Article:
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The important part of this recipe is that you use frozen cauliflower, either purchased that way, or a head of cauliflower prepared ahead of time – washed, chopped into florets and frozen overnight. Similarly to how a frozen banana behaves in a blender, cauliflower too takes on a creamy-frothy consistency that works extremely well in this context. I also like to freeze the milk into cubes since this helps to keep the drink very cold and light. Dates sweeten the mixture, and you can scale these up or down depending on how hardcore you are. The cacao powder I’ve used is raw, but you can also use regular cocoa powder in a pinch, or if you’re on a budget.

This recipe is a mere 4 ingredients, but if you feel like gettin’ fancy, by all means top that frozen hot chocolate with coconut cream (from a can of coconut milk, chilled in the fridge overnight) and some cacao nibs. You can also add some ingredients to the blend itself, like a handful of soaked cashews for extra richness, a scoop of protein powder (I like sprouted pea, sprouted brown rice or hemp), vanilla, or even fresh greens (spinach is very good at hiding in this too).
The point of all this is to have fun and enjoy something that tastes like it’s pretty indulgent, but secretly good for you.

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Secret Ingredient Frozen Hot Chocolate
Serves 2-3

Ingredients:
2 cups / 250g frozen cauliflower florets
1/3 cup / 100g pitted dates
6 Tbsp. raw cacao powder
approx. 1 ½ cups / 350ml plant-based milk (I used oat milk)
handful of ice cubes (made from either plant-milk ice or water)

Optional ingredients:
Pinch of vanilla powder
coconut cream (from the top of a can of coconut milk)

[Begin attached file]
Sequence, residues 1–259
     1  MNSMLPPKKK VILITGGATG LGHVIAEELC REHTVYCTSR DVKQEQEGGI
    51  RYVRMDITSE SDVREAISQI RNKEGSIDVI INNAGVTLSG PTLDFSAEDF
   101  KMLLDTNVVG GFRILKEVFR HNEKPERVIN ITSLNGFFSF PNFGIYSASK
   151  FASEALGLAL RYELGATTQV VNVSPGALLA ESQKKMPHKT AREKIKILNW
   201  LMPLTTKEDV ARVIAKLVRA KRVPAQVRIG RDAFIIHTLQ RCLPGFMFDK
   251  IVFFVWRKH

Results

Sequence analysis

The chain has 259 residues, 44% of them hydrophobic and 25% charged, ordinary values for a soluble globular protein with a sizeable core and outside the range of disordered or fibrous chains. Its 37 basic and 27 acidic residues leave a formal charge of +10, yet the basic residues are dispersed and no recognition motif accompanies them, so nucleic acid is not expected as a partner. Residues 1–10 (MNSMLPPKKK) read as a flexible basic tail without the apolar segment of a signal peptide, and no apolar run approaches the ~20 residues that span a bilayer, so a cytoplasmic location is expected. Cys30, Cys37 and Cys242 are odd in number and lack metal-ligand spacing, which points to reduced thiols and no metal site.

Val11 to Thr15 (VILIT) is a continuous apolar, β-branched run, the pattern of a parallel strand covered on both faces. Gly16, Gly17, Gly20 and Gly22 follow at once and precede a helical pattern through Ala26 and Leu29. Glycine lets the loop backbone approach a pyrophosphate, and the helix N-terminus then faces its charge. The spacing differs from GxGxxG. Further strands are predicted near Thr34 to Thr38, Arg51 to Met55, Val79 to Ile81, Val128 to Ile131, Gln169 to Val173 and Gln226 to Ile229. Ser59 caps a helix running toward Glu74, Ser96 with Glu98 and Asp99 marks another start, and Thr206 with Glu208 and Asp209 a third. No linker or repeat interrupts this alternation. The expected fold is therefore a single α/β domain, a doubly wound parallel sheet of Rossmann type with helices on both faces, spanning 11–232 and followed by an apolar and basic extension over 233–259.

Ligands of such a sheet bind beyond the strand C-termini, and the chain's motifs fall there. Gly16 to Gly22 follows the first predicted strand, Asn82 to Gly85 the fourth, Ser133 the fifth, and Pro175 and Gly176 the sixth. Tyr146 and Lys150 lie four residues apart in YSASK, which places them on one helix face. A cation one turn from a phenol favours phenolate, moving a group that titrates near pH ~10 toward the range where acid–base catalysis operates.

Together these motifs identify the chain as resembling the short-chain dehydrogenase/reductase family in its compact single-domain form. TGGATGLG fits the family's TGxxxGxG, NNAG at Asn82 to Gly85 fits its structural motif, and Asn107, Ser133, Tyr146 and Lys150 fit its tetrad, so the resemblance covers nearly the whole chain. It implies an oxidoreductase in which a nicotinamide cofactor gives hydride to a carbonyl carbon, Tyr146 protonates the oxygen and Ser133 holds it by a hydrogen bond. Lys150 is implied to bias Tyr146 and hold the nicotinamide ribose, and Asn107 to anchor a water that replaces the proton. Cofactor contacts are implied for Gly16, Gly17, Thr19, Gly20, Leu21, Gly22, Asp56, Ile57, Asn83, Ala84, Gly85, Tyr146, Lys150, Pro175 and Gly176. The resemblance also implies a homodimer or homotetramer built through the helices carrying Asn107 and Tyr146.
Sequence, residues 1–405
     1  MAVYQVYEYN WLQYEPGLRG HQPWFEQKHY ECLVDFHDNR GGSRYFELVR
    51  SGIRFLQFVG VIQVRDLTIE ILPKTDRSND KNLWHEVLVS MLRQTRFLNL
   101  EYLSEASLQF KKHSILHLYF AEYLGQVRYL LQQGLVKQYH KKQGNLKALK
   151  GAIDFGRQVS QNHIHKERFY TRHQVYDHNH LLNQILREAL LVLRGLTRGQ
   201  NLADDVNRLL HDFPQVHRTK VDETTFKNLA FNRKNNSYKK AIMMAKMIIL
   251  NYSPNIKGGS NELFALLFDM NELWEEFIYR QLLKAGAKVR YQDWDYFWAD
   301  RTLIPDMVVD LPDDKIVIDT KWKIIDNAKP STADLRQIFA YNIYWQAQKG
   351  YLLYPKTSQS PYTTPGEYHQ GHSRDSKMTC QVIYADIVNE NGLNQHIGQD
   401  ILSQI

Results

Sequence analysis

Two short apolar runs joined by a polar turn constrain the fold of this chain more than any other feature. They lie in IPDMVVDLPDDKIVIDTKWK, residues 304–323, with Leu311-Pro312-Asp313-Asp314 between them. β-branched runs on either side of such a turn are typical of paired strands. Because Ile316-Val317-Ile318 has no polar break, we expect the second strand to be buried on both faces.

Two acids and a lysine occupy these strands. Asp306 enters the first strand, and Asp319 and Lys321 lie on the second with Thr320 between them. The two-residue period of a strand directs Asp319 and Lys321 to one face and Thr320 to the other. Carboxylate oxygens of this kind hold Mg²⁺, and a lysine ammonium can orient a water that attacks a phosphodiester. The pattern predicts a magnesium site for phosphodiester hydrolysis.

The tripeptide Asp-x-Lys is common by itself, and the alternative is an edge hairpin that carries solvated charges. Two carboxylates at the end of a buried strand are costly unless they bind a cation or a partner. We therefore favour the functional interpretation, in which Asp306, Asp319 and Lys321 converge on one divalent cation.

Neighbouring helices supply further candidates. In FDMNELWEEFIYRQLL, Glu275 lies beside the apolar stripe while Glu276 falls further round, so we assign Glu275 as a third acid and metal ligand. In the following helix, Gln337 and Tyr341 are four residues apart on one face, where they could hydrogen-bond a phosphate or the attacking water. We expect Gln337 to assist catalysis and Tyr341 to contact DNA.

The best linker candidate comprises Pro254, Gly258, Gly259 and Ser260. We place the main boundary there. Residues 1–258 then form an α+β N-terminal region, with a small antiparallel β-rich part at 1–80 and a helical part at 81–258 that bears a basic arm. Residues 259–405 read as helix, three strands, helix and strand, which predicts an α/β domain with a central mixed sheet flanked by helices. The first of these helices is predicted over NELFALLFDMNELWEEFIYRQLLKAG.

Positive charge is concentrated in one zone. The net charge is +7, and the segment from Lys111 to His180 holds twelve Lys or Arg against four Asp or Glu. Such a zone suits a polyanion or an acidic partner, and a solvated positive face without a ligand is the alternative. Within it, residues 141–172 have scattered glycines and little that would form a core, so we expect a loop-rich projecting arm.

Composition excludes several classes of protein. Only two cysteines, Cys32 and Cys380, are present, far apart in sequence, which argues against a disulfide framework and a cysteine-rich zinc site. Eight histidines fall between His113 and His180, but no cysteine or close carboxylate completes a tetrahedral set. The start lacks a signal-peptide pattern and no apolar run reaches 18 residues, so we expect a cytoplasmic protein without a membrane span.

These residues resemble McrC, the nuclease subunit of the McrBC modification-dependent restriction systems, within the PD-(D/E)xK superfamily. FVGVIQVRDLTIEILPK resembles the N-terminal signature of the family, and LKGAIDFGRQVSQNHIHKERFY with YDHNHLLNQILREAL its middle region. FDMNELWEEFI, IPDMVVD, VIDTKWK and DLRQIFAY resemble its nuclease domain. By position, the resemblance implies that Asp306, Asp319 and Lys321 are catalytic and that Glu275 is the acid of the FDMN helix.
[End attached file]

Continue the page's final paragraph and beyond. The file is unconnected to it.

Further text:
cacao nibs
handful soaked cashews
protein powder

Directions:
1. Place all ingredients in a blender and blend on high until smooth. Add more liquid if necessary (mixture should be relatively thick).

2. Top with coconut cream and cacao nibs, if desired. Enjoy immediately.

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You guys!!! I am so pumped to finally announce my upcoming wellness retreats this fall. We are going to two spectacular European locations: Ibiza, Spain and Comporta, Portugal. Both simple and luxurious, we have found the perfect settings to unwind, and press the reset button. Our Wild Heart High Spirit program combines inspiring cooking classes and nutrition workshops (lead by yours truly) with delicious movement classes, yoga, pilates and dance by Living Yolates that will both strengthen your body and open your heart. These seven days will nurture you on all levels of your being, help you realign with your internal guidance system, and ignite you on your journey towards greater health! Join us for this incredibly special, once-in-a-lifetime opportunity, with Golden Circle Retreats.

Whole-Roasted Cauliflower with Skhug

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If you’ve been reading My New Roots for a while, you’ll be familiar with my obsession with Middle Eastern cuisine. Ingredients like tahini, lemon, pomegranate, sumac, za’atar, cardamom, thyme, and sesame have big, bold flavours, and act as strong backbones for plant-based recipes, so I enjoy them on a regular basis and rely on them heavily in my recipe development. And if I am out and about in the world, I seek out restaurants serving this style of food, knowing that they’ll have a solid selection of vegetarian options with satisfying flavours.